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Hawker Hurricane Mk.IV

Second war fighter version Mk.IV,

in Karel Kuttelwascher's Mk.IIc day livery

Basic parameters

1942

Year of manufacture

12.19

m

Span

2602

kg

Mass

550

km / h

Travel speed

1

Number of persons

About the Plane

The Hurricane was commissioned into the RAF in 1937 and flew in eighteen squadrons since the start of the Second World War. Achieving fame for his role in the Battle of Britain, however, Hurricane continued his service in virtually every battle during World War II. The Hurricane, designated IV, entered service in 1943. It was an offensive version against ground targets with four 20mm guns. The Mk.IV designation was fitted with a Merlin 24 or 27 engine, optimized for operation in hot climates, and a three-bladed propeller. This version was also fitted with a new wing that could carry two bombs, eight "60 pounder" rockets, or a 40mm gun as required. A total of 794 of this version were built, plus conversions from other versions.  Less than 15 of the 14,583 originally produced are currently airworthy, and one of the last is in the Mk.IV version.

12.19 m

9.81 m

3.99 m

23.93 m2

2,369 kg

3,900 kg

505 km / h

344 km / h

10 973

1,400 km

Rolls-Royce Merlin 24

1,640 HP / 1,222 kW

135 l / h

440 l

1 pilot

Span

Length

Height

Wing area

Weight of empty machine

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Power unit

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Number of passengers

History of KZ321

KZ321 is a Hawker Hurricane Mk.IV. This particular piece was produced by Hawker Aircraft Ltd at the famous Kingston-upon-Thames factory between 20 November 1942 and 19 April 1943. It was produced as part of the eighth production run of 1,200 aircraft, ordered by the Air Ministry under order number 62305/39/C parts 1 to 6 were completed as tropical versions. After production and storage in a warehouse, this unit was assigned to service with the RAF's No 6 Sqn at Grottaglie, Italy. The squadron was transferred to the Balkan Air Force four months later at the Canne site in Greece. It operated in various detachments in Greece, Italy and Yugoslavia. The entire 6 Squadron was finally moved on 9 April to Prkos, again in Yugoslavia. It remained at this location until Victory Day.

 

After the war, the unit was moved to Palestine and Nicosia, and all the time the squadron flew Mk.IV versions, including this aircraft. This was the last RAF frontline unit to use the war veteran Hawker Hurricane. However, it appears that this Hurricane was scrapped before 15 January. Almost a wreck marked by the ravages of time, the aircraft was discovered on a kibbutz in Jaffa, Israel by Doug Arnold's Warbirds of GB Ltd in 1983. Squadron 6 left the Israeli base at Ein Shemer and moved to Nicosia, Cyprus in September 1946. Returning to the UK in 1983, the fighter remained stored first at Blackbush and then at Biggin Hill until it was acquired by The Fighter Collection in 1991.

 

The Hurricane was transferred to Duxford and was eventually handed over to Suffolk-based Hawker Restorations Ltd in early 2001 for conversion to airworthy condition. The extensive refurbishment brought the aircraft to a 'zero hour' condition, using both original and refurbished and possibly remanufactured components. The aircraft subsequently flew at The Fighter Collection in Duxford, UK under the civilian registration G-HURY. It was acquired by Heritage Wings of Canada in March 2006. KZ321 is the last existing Hurricane Mk. IV.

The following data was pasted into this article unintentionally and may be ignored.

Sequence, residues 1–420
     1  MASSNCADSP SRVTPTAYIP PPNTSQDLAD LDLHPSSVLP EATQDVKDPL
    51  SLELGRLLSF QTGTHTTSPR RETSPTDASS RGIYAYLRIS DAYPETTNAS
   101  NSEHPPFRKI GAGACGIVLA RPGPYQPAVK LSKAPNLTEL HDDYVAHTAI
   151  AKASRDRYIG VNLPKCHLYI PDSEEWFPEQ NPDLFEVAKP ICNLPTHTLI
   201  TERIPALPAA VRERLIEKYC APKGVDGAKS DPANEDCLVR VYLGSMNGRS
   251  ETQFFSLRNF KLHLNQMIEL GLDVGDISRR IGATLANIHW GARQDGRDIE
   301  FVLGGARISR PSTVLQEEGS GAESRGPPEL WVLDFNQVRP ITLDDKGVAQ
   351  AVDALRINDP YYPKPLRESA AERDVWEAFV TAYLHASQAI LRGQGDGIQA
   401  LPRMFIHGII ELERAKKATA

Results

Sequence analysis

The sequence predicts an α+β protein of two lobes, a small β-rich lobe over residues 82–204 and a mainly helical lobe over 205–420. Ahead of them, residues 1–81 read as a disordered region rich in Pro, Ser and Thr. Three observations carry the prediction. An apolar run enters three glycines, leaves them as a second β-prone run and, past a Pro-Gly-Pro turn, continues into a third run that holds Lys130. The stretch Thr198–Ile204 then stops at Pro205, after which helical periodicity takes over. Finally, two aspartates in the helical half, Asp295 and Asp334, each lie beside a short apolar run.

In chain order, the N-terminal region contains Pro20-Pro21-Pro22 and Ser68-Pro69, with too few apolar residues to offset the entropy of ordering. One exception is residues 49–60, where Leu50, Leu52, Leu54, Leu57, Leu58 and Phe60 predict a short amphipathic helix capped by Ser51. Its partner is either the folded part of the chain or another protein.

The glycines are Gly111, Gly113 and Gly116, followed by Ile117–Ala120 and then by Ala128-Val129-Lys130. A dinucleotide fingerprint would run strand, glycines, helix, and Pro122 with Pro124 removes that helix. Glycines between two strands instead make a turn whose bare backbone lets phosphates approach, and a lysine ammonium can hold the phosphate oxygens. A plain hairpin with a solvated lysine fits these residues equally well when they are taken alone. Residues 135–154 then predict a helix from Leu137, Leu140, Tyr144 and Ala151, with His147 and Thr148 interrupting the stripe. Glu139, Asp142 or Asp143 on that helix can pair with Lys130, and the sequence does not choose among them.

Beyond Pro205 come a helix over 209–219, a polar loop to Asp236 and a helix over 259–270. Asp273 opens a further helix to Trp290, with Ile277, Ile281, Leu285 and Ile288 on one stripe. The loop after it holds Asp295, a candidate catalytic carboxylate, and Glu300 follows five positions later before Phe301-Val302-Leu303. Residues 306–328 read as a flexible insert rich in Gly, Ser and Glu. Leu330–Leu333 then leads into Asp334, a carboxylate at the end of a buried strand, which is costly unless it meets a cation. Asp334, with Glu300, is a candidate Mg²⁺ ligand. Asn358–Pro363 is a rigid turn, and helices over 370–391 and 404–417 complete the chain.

Hawker Hurricane Mk.IIc BE 150

The first personal Hurricane of Karl M. Kuttelwascher's Mk.IIc version with four 20mm cannons was the serial number BE150, traditionally marked with the code JX-E. It was first flown by Karel Kuttelwascher, a member of the 1st RAF Squadron at Tangmere, on 14 September 1941 and his last flight in it was in early January 1942. Although he did not achieve any aerial victories with it, his operational activity in this aircraft was varied, consisting of patrolling over enemy territory, escorting Lysander aircraft on diversionary operations, and attacking ships and ground targets by day and night.

 

Much of the flying was devoted to training in interaction with twin-engine Douglas Havocs, as well as intensive night flying, which included practice in low-visibility takeoffs and landings-so-called ZZ landings-and group flying. Karel Kuttelwascher flew over 100 operational hours in the BE 150. The aircraft has also been flown by famous fighters Bedřich Krátkoruký, Otto Pavlů, Josef Dygrýn and Václav Kopecký.

 In January 1942, Karel Kuttlewascher received a new Hurricane MkIIc - the famous BE 581 - as a replacement for the BE 150.

 

The BE 150 was produced in the sixth production run by Hawker Hawker Aircraft limited at Langley and Brooklands. It was powered by the Merlin XX engine and was delivered from 24 July 1941 to 18 March 1942. Average production was 5-6 aircraft per day. The production series BE 130 to BE 174 included 45 Mk.IIc aircraft armed with four 20mm Hispano guns each with 90 rounds per gun.

 

The aircraft were delivered to the unit in the so-called Day Fighter scheme, a new RAF fighter livery introduced during the summer of 1941. The upper surfaces are painted in a combination of Ocean Sea Grey and Dark Green, the lower surfaces Medium Sea Grey. By this time only one variant of the livery was in use - Pattern A. The identification stripe, propeller cone and JX E code markings are in Sky. The aircraft bears the Type A1 markings used in 1941.

 

We have chosen this livery for our Hurricane because it represents Karel Kuttelwascher's personal aircraft and was also flown by other Czechoslovak pilots in the famous 1st Squadron of the RAF.

This aircraft is not the later Hawker Hurricane "Night Reaper", but the earlier daytime K. Kuttelwascher's